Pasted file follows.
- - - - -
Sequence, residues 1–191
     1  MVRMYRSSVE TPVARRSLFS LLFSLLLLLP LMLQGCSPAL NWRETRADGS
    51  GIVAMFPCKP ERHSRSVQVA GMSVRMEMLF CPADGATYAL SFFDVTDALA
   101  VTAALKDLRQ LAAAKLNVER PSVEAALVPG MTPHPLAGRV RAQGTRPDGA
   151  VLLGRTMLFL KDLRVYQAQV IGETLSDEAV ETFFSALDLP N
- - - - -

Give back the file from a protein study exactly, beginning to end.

Sequence, residues 1–191
     1  MVRMYRSSVE TPVARRSLFS LLFSLLLLLP LMLQGCSPAL NWRETRADGS
    51  GIVAMFPCKP ERHSRSVQVA GMSVRMEMLF CPADGATYAL SFFDVTDALA
   101  VTAALKDLRQ LAAAKLNVER PSVEAALVPG MTPHPLAGRV RAQGTRPDGA
   151  VLLGRTMLFL KDLRVYQAQV IGETLSDEAV ETFFSALDLP N